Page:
The Development of the Latin Language


Originally spoken by small groups of people living along the lower Tiber River, Latin spread with the increase of Roman political power, first throughout Italy and then throughout most of western and southern Europe and the central and western Mediterranean coastal regions of Africa. The modern Romance languages developed from the spoken Latin of various parts of the Roman Empire. During the Middle Ages and until comparatively recent times, Latin was the language most widely used in the West for scholarly and literary purposes. Until the latter part of the 20th century its use was required in the liturgy of the Roman Catholic Church.

The oldest example of Latin extant, perhaps dating to the 7th century BCE, consists of a four-word inscription in Greek characters on a fibula, or cloak pin. It shows the preservation of full vowels in unstressed syllables—in contrast to the language in later times, which has reduced vowels. Early Latin had a stress accent on the first syllable of a word, in contrast to the Latin of the republican and imperial periods, in which the accent fell on either the next or second to the last syllable of a word.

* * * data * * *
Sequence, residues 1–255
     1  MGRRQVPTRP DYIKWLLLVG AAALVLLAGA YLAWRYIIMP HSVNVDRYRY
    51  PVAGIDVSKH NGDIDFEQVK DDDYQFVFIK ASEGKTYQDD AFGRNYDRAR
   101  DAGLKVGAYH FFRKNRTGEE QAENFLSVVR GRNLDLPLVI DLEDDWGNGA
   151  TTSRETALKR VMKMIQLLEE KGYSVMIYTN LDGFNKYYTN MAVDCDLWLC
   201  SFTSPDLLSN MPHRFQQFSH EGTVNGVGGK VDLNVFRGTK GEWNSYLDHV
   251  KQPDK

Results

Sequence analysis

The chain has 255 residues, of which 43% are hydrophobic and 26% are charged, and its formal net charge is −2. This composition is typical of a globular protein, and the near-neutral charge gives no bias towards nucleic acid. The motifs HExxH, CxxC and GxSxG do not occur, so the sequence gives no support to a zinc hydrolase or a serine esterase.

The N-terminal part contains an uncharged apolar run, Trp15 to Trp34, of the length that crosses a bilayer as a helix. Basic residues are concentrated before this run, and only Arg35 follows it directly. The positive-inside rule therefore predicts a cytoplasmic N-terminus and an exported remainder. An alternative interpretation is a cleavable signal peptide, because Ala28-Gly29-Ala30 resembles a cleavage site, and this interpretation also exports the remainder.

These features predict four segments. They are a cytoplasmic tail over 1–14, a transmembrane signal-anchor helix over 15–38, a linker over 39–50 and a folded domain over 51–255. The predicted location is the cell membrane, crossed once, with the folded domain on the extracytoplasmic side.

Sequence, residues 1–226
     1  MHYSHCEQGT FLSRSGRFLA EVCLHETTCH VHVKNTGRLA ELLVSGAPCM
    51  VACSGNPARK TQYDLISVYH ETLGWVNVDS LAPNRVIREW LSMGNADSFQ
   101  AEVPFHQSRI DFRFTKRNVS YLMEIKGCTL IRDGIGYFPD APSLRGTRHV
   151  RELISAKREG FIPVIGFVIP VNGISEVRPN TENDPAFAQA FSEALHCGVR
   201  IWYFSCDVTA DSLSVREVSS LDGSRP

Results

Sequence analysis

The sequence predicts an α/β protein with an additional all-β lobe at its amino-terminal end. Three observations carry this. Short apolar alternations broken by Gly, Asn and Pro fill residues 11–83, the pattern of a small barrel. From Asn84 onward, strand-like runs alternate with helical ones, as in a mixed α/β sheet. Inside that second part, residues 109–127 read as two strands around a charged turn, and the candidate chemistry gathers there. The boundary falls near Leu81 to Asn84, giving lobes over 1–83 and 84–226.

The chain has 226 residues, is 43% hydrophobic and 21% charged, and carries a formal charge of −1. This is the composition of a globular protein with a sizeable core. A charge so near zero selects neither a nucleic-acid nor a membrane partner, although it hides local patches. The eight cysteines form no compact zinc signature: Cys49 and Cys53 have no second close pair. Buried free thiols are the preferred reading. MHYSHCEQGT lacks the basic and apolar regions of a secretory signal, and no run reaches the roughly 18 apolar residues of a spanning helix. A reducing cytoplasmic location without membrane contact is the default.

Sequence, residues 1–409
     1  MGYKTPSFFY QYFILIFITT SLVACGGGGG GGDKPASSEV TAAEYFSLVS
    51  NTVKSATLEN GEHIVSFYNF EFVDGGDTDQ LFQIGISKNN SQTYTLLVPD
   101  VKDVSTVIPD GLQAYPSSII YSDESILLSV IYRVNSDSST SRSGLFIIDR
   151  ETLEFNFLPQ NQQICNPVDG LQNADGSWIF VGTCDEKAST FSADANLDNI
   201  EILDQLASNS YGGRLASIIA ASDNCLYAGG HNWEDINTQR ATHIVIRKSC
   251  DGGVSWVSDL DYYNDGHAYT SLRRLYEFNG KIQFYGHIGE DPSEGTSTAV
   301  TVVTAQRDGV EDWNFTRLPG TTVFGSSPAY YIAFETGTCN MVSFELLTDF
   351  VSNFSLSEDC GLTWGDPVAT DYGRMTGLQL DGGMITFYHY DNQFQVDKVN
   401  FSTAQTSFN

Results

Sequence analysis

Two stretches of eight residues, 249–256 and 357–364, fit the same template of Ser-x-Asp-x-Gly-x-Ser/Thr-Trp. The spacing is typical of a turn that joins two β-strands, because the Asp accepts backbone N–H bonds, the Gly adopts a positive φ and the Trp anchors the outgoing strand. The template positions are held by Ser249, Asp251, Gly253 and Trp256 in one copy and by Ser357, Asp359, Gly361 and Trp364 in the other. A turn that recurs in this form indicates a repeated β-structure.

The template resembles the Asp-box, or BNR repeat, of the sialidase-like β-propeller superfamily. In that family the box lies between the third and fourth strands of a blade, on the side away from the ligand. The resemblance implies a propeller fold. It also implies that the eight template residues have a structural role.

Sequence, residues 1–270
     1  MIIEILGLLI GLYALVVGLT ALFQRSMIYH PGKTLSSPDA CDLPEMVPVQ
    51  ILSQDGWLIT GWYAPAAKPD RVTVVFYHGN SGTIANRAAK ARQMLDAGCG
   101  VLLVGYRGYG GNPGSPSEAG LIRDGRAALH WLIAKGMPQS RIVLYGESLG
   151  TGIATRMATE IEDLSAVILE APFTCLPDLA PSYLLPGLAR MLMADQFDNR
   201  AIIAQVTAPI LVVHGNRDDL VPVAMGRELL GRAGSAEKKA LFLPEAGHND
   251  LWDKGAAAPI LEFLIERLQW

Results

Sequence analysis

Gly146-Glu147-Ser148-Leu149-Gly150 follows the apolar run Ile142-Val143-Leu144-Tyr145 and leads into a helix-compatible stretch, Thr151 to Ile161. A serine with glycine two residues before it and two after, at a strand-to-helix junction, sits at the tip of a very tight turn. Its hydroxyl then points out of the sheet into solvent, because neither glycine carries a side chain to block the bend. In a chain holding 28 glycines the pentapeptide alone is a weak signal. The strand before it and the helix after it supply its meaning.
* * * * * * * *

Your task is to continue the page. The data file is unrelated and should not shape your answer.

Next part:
During the Classical period there were at least three types of Latin in use: Classical written Latin, Classical oratorical Latin, and the ordinary colloquial Latin used by the average speaker of the language. Spoken Latin continued to change, and it diverged more and more from the Classical norms in grammar, pronunciation, and vocabulary. During the Classical and immediate post-Classical periods, numerous inscriptions provide the major source for spoken Latin, but, after the 3rd century CE, many texts in a popular style, usually called Vulgar Latin, were written. Such writers as St. Jerome and St. Augustine, however, in the late 4th and early 5th centuries, wrote good literary Late Latin.

Subsequent development of Latin continued in two ways. First, the language developed on the basis of local spoken forms and evolved into the modern Romance languages and dialects. Second, the language continued in a more or less standardized form throughout the Middle Ages as the language of religion and scholarship; in this form it had great influence on the development of the West European languages.

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